Water Quality

Scott Ki / Boise State Public Radio

Federal officials are awarding Idaho about $2 million in grants for 10 projects intended to protect water quality.

Kurt Carpenter / USGS

The Idaho Department of Environmental Quality is holding its 27th annual water quality workshop at Boise State this week. Dan Wise is with the U.S. Geological Survey in Oregon, and Wednesday he’s presenting his findings from a regional study on phosphorus in streams.

Here’s a quick high school science refresher: Phosphorus is a chemical element and is essential for life. It’s in chemical fertilizer, as well as in animal and human waste. But there’s a delicate balance – too much phosphorus can cause problems in waterways with too much plant growth.

Scott Graf / Boise State Public Radio

A group of scientists and trainers will work with volunteers Saturday to monitor the quality of water in the Boise River. 

Mike McMillan / USFS

Mercury contamination is well documented in the eastern United States. But USGS research ecologist Collin Eagles-Smith wanted to know how big of a problem is it in western states, including Idaho.  He led a comprehensive study that was released earlier this month, showing widespread mercury contamination.

Frankie Barnhill / Boise State Public Radio

As KBSX reported Wednesday, the biggest health risk associated with high levels of nitrates in drinking water is a condition called methemoglobinemia, which can make infants six months and younger sick. Babies who drink formula using nitrate-contaminated water are at risk of developing the condition.

Idaho Department of Environmental Quality

"Nitrate" may as well be a four-letter word in the small town of Ashton, Idaho.

The eastern Idaho town of 1,200 people is about 20 miles from the border of Wyoming. Settlers in the area in the 1890s quickly took advantage the fertile volcanic soil beneath their feet, and began diverting water to irrigate the land. Seed potatoes are the big cash crop, though wheat, barley and hay also contribute to the local economy.

Adam Cotterell / Boise State Public Radio

The City of Boise is holding a celebration today for the opening of a new public works facility. But the facility isn’t in Boise. In fact, it’s a county away. And it’s meant to do something cities don’t normally do: Clean water polluted by agriculture. It’s called the Dixie Drain project and KBSX's Adam Cotterell has reported on it in the past. Adam told Scott Graf what the Dixie Drain project is.

Frankie Barnhill / Boise State Public Radio

A coalition of groups and individuals concerned about the health of the Boise River has released an enhancement plan and wants public feedback. The Boise River Enhancement Network (BREN) says the natural resource needs serious help in four areas: water quality, fish habitat, riparian areas and the river channel itself. BREN wants cities, counties, farmers and others who rely on the river to work better together to protect it.

Adam Cotterell / Boise State Public Radio

In the middle of working farms between the towns of Notus and Parma, the city of Boise owns a 49 acre field. In March the city plans to start construction there on a unique project to reduce phosphorus in the Boise and Snake Rivers. It's generally referred to as the Dixie Drain Project.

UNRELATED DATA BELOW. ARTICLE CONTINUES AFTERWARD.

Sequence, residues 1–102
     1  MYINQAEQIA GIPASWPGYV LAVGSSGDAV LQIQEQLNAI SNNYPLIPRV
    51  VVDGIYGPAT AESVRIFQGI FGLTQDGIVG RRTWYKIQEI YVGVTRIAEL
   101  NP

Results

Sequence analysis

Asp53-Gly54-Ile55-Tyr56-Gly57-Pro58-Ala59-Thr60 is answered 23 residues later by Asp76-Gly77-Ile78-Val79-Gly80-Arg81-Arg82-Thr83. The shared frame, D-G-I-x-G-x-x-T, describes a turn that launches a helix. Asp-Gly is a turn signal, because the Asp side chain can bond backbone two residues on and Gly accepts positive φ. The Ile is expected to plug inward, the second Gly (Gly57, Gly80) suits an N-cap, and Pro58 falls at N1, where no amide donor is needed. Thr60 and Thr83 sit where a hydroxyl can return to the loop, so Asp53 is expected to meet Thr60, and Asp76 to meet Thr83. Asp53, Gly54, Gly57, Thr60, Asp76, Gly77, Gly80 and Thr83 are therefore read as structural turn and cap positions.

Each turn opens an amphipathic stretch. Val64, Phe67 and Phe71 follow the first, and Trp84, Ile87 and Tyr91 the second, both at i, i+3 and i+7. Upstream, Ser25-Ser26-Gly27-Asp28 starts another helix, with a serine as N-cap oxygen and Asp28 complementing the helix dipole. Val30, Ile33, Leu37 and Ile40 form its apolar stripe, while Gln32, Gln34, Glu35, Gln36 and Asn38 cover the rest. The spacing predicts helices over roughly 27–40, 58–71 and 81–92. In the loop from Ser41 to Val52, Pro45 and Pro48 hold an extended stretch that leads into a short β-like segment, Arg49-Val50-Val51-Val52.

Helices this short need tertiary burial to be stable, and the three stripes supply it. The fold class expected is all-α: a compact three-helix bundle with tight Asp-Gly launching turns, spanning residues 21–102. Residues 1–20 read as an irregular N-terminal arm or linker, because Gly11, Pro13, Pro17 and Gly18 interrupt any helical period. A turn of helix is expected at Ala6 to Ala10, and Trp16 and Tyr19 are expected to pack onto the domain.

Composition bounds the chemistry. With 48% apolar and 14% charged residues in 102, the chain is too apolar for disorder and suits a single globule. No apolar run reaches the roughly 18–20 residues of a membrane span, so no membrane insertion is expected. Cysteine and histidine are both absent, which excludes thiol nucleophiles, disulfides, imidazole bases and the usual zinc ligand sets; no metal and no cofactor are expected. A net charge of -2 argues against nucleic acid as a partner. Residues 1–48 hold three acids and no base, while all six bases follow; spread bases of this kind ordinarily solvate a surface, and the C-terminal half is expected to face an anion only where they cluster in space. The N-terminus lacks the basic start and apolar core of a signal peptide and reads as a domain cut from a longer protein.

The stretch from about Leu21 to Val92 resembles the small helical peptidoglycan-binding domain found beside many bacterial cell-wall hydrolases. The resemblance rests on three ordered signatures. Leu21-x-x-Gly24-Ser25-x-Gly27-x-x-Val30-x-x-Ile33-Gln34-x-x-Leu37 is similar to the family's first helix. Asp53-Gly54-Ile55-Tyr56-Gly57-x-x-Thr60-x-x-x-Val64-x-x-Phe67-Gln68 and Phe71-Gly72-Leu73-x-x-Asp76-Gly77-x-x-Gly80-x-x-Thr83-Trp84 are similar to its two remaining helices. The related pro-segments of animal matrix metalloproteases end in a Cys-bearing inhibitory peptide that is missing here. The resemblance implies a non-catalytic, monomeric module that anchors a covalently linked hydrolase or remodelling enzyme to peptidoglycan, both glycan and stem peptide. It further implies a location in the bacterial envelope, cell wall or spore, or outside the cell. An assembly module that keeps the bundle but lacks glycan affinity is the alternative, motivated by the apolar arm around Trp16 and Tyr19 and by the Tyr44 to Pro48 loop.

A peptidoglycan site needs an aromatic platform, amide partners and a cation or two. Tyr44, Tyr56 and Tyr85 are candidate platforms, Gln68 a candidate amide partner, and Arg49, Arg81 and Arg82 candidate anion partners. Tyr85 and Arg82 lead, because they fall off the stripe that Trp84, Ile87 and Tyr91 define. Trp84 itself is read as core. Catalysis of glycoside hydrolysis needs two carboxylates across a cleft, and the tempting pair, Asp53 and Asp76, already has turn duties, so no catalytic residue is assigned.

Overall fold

The site for the upcoming project is close enough to the Boise River that you can see the trees along its banks a little to the north.  In the other direction there’s a bluff that disappears into the horizon. But the key feature is the water that runs through the site and empties into the river.

MHall209 / Flickr Creative Commons

Idaho's $2.4 billion dairy industry is no longer at risk of losing its operating permits if caught illegally dumping waste into streams and waterways.

The Senate Agricultural Affairs Committee approved new rules Tuesday that would no longer allow the Idaho State Department of Agriculture to revoke a dairy facility's permit if caught illegally discharging wastewater or sewage. Instead, dairies would face a fine up to $10,000.

The rules are in compliance of a law that Idaho Republican lawmakers passed in 2014.

deq.idaho.gov

The U.S. Geological Survey (USGS) this week released several reports on important aquifers around the country. Idaho’s Snake River Plain Basin features in two of those reports. About a fifth of Idahoans rely on that aquifer as their only source of drinking water.

Kevin Micalizzi / Flickr Creative Commons

The United States Geological Survey recently studied nitrate levels in streams around the country. The study found that nitrate – which can be dangerous in drinking water – can affect water systems for decades.

Although none of these study areas were in Idaho, Michael Lewis says the study is worth a closer look.

USGS Losing Some Critical Stream Gauges

May 3, 2013
Aaron Kunz / Earthfix

A federal agency is planning to shut down down as many as 150 stream gauges nationwide. The first round of closures started this week. Those gauges provide life-saving flood warnings and even how bad a drought is.

Stream gauges are tools that help monitor how much water is in our rivers and streams. These are small outbuildings standing beside waterways. Each one shelters data-gathering equipment.

David Ascher / Flickr

How much fish do you eat every week?  That’s a question Idaho’s Department of Environmental Quality wants to answer.  The agency has asked state lawmakers for funding to study that question. 

For Sale Coldwell Banker House Sold
Adam Cotterell / Boise State Public Radio

As many as 80 residents of a west Boise neighborhood got sick over Memorial Day weekend. Turns out a nasty bacteria got into the drinking water. Boise’s United Water says it did everything in its power to fix the problem, but  some in the neighborhood say the company could have done more.